WASHINGTON * — WASHINGTON -- The struggle over abortion rights returns to the streets of the nation's capital this weekend as activists on both sides gear up for showdowns in the Supreme Court and Congress.
A "Freedom of Choice" rally tomorrow will be "the largest demonstration and march this city has ever seen," said Patricia Ireland, president of the National Organization for Women (NOW).
She predicted the abortion-rights demonstration will attract five to 10 times as many protesters as the 70,000 anti-abortion activists who marched on the Capitol earlier this year.
Meanwhile, the anti-abortion group Operation Rescue is expected to blockade abortion clinics here over the weekend and perhaps confront the marchers. A coalition of women's groups opposed to abortion will hold a counter-demonstration on the Capitol grounds while the abortion-rights parade passes.
"We don't plan anything rowdy or confrontational," said Frederica Mathewes-Green, vice president of Feminists for Life of America.
Leaders in both the "pro choice" and "pro life" movements believe the Supreme Court will allow further limits on abortion when it rules in a Pennsylvania case this summer. Oral arguments in the case, Casey vs. Planned Parenthood of S.E. Pennsylvania, will be heard April 22.
However, the justices are likely to stop short of an outright reversal of Roe v. Wade, the 1973 decision that said the Constitution grants women the right to end an unwanted pregnancy.
"There's no question in my mind that this Supreme Court is to be written off," Ms. Ireland said. But the justices are "too political to explicitly overturn Roe in a presidential election year."
While allowing Pennsylvania to require parental notification for minor girls who want an abortion, a waiting period and other restrictions, she said, the court probably will not overturn Roe until it acts on other cases "after the presidential election."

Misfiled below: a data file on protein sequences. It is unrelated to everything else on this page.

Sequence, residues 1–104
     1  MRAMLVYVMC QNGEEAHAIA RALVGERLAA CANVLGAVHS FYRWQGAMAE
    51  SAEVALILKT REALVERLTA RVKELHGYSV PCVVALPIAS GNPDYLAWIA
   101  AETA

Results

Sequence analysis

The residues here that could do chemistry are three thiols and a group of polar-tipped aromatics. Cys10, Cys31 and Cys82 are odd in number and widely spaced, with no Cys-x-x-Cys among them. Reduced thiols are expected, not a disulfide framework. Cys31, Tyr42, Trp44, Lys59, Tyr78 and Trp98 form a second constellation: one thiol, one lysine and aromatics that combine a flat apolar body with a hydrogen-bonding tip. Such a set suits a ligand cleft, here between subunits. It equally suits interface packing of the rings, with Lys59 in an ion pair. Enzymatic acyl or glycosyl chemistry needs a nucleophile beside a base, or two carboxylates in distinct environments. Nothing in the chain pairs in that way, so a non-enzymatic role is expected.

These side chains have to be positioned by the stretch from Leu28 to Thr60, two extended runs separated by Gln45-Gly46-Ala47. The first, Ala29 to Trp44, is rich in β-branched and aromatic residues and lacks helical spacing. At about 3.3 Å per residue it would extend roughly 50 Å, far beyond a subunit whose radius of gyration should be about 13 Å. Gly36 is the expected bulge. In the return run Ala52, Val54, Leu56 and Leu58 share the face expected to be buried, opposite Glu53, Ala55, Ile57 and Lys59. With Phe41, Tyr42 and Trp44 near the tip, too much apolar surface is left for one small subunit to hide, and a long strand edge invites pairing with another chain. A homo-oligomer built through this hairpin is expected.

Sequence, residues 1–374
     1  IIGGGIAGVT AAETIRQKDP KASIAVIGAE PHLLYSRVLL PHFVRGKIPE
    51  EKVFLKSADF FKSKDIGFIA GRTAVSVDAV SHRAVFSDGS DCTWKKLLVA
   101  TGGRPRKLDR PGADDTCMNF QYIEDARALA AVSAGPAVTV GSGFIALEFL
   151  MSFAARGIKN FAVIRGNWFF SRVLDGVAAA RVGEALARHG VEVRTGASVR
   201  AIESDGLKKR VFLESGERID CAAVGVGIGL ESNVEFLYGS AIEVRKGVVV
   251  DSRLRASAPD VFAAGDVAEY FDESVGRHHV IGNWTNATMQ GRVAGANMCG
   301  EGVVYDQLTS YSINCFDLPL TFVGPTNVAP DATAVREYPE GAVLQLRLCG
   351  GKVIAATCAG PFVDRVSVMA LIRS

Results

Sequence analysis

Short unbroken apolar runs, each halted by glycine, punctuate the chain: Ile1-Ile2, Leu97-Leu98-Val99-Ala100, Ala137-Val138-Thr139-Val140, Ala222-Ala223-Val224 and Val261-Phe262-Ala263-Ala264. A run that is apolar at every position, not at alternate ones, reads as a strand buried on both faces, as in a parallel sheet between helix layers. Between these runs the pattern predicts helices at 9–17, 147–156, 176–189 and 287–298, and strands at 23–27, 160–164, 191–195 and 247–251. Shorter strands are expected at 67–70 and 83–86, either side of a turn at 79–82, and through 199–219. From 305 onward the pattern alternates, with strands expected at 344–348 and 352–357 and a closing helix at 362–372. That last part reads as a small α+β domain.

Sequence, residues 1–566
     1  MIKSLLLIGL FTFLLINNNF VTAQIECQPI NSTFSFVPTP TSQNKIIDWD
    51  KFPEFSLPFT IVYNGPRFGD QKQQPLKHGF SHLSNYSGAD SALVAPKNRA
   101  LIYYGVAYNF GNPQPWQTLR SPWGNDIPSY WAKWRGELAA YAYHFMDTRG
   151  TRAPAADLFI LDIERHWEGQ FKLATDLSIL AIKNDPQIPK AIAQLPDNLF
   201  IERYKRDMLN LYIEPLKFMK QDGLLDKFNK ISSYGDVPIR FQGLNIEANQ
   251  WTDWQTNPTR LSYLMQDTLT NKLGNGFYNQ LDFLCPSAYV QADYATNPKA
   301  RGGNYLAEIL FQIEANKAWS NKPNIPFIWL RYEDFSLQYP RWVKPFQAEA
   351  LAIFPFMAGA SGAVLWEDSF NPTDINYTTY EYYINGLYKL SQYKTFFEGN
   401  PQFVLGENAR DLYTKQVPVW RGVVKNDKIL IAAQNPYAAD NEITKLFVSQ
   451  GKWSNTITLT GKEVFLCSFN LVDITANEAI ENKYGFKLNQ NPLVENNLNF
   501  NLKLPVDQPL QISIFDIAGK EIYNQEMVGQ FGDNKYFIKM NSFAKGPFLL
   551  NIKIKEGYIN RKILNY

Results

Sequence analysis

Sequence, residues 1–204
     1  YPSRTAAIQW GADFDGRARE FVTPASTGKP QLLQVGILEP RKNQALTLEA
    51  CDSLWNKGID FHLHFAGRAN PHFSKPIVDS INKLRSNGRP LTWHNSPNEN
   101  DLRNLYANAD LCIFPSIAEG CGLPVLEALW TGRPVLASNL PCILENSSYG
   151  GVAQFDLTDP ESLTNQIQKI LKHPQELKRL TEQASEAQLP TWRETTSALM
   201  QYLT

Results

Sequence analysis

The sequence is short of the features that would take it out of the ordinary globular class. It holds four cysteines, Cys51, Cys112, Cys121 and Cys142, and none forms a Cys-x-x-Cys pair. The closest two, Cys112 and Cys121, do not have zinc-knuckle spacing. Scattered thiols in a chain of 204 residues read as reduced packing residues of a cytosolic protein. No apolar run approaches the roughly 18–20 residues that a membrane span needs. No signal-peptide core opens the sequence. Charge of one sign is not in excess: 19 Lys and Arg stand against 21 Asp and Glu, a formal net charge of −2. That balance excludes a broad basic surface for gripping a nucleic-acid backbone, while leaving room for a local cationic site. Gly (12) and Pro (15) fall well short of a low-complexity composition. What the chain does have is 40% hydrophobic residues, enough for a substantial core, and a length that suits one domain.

If the Supreme Court overturns Roe v. Wade, state legislatures or Congress could decide whether abortions should be legal and under what circumstances.
Indeed, the mass rallies are staged to demonstrate political clout as the abortion issue moves from the courts to legislative bodies. In Congress, a Freedom of Choice Act that guarantees abortion rights is being considered.
Tomorrow's march also is aimed at introducing the emotional abortion issue into the presidential race. Democratic candidates Bill Clinton and Jerry Brown are expected to attend the abortion-rights rally.
The march will include a sizable contingent from Hollywood: Jane Fonda, Joanne Woodward, Cybill Shepherd, Molly Ringwald, Morgan Fairchild, Mary Steenburgen, Sara Jessica Parker, Jill Eikenberry, Oscar-winning director Jonathan Demme ("Silence of the Lambs") and Oscar winner Callie Khouri, screenwriter of "Thelma and Louise."
Meanwhile, a coalition of abortion abolitionists announced the formation of a "National Women's Coalition for Life" aimed at demonstrating that NOW and the National Abortion Rights Action League "do not speak for the women of this country."
The news media portray the abortion rights struggle as "religious fanatics against reasonable women," complained Irene Esteves, director of the Professional Women's Network. But she said millions of women are anti-abortion.
The new group aims to show that the anti-abortion movement is both diverse and mainstream.
One of the groups is the International Black Women's Network, whose president, E. J. Thompson, called abortion in America "black genocide."